ln m
H sol. = RT 2
T P , sat.
(2.35)
h mM1 ln m
H sol. = RT 2 1
1000 T P , sat.
If solubility curves are expressed in the form given by Eq.(2.31)
B
(2.36) ln m = A + + C ln T
T
then the apparent molar enthalpy of solution is

h mM1
H sol. = R 1
(2.37) (CT B)
1000

Since in saturated solutions citric acid is practically undissociated, in above equa-


tions we have for anhydrous citric acid =1, h=0 and for citric acid monohydrate
=1, h=1 and M1 = M H2 O denotes the molar mass of water.
Osmotic coefficients in saturated solutions of citric acid at different tempera-
tures are known from vapour pressure measurements, but not their changes with
concentration near the saturation points. At 25C, Levien [89] using her and /
m values and the Dalman solubilities [10] obtained from Eq.(2.33) the molar
enthalpy of solution Hsol=29.8 kJmol1. Similar calculations performed by Apel-
blat [83] led to lower value Hsol=26.0 kJmol1 and this result is very close to
that which was determined from calorimetric measurements, Hsol=26.3 kJmol1,
by using the molar enthalpy of solution at infinite dilution of citric acid mono-
hydrate [90] and the molar enthalpy of dilution of citric acid [91]. The apparent
2.5 Vapour Pressures of Water Over Saturated Solutions of Citric Acid 37

molar enthalpies of solution based on Eq.(2.36) are considerably lower than those
coming from exact thermodynamic equations. The molar enthalpies of solution in
diluted solutions were calorimetrically measured by De Kruif etal. [8] and Apel-
blat [90] and their results for monohydrate are Hsol=(29.250.20) kJmol1 and
Hsol=(29.060.12) kJmol1 respectively. Corresponding values for anhydrous
citric acid are Hsol=(18.470.09) kJmol1 and Hsol=(18.210.07) kJmol1.
Using these enthalpies, the molar enthalpy of hydration of citric acid is therefore
Hhydr.=(10.780.29) kJmol1 [8] and Hhydr.=(10.780.19) kJmol1 [90]. Ko-
chergina etal. [61] also calorimetrically measured the molar enthalpies of solution
of citric acid in water and KOH dilute solutions. Their values for aqueous solutions
in 0.005840.0634molkg1 concentration range lie between Hsol=18.84 kJmol1
and Hsol=17.36 kJmol1.

2.5Vapour Pressures of Water Over Saturated Solutions


of Citric Acid

Besides solubilities, the knowledge of vapour pressures of water over saturated so-
lutions of citric acid is an essential factor in its production and therefore these va-
pour pressures were measured a number of times. However, contrary to solubilities,
the agreement between Marshall [7], Oechler [9], Williams etal. [92], Melia [64,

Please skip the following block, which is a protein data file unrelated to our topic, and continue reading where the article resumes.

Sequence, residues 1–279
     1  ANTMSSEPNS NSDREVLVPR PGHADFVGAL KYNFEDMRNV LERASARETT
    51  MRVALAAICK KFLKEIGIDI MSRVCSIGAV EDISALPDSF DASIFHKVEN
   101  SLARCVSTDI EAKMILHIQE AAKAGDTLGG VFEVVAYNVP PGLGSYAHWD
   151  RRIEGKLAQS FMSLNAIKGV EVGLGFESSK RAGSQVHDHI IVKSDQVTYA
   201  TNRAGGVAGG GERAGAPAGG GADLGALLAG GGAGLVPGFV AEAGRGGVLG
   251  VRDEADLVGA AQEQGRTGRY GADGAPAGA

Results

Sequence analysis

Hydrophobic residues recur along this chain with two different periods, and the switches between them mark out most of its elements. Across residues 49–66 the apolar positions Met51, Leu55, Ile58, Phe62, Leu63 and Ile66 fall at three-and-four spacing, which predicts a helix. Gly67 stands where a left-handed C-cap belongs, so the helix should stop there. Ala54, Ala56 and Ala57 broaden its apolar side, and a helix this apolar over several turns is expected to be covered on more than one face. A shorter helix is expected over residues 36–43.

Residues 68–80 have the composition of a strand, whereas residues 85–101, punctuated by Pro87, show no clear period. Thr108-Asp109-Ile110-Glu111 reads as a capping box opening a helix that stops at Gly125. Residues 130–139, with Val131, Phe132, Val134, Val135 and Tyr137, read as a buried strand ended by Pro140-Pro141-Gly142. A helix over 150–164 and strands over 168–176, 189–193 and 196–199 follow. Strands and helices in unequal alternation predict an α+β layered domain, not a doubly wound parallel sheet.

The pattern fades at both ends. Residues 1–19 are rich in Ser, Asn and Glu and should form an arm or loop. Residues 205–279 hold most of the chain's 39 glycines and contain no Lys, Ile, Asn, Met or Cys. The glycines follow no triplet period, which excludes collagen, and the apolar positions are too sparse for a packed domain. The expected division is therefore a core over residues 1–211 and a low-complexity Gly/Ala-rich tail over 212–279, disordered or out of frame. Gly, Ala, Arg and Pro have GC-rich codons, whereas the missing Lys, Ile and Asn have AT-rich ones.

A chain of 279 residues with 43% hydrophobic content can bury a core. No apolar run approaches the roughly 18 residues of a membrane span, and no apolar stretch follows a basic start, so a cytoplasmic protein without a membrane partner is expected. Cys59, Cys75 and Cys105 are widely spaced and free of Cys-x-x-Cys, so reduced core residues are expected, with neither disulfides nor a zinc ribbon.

65], De Kruif etal. [8], Apelblat etal. [93] and Manzurola and Apelblat [94] sets of
data is less satisfactory than can be expected. Determined by the isotenoscopic or
hygroscopic techniques, the vapour pressures are presented in two forms, p=f(tC)
and ln p=f(1/T). Differences in absolute values of experimental vapour pressures
are clearly evident, especially for temperatures higher than 30C (Fig.2.10), but
also the temperature dependence of them is somewhat different (Fig.2.11). The

30

20
p/kPa

10

0
0 20 40 60 80
0
t/ C
Fig. 2.10 Vapour pressures of water over saturated solutions of citric acid as a function of tem-
perature. - [6]; - [8]; - [53]; - [56,57]; - [59]; - [60]; - [61].
38 2 Properties of Citric Acid and Its Solutions

4.0

3.0
ln( p/kPa)

2.0

1.0

0.0

2.8 3.0 3.2 3.4 3.6


1000/(T/K)
Fig. 2.11 Vapour pressures of water over saturated solutions of citric acid as a function of tempera-
ture. - [6]; - [8]; - [53]; - [56,57]; - [59]; - [60]; - [61].

scattering of results is even more pronounced if the water activities or osmotic coef-
ficients are involved.
If all sets of vapour pressures (Table2.7) are combined, then they formally can
be correlated by
(2.38)
ln[ p / kPa] = 5.8543 + 9.3962w + 2.4735w 2

or by
(2.39) 11847
ln[ p (T ) / kPa] = 172.21 123.086 ln (T / K)
(T / K)

and then the molar enthalpy of vaporization is


(2.40)
H vap. / kJmol 1 = 98.505 0.1919 (T / K)

Marshall [7] gives for the molar enthalpy of vaporization Hvap=39.1 kJmole1at
25C when the Apelblat etal. [93] value is Hvap=41.4 kJmole1.
By assuming that citric acid is undissociated and the gaseous phase is ideal, va-
pour pressures permit to determine water activities aw and osmotic coefficients in
saturated solutions of citric acid

p (T )
aw (T ) = a H2 O (T ) =
pH2 O (T )
(2.41)
1000
(T ) = ln[aH2 O (T )]
M H2 O m
Table 2.7 Vapour pressures of water over saturated solutions of citric acid as a function of temperature
t/C p/kPa t/C p/kPa t/C p/kPa
14.10 [7] 1.321 38.80 [64, 65] 6.098 38.96 5.422
20.30 1.853 39.18 6.942 41.05 6.037
25.30 2.471 43.52 8.073 41.08 6.046
30.90 3.282 50.12 9.731 43.80 6.925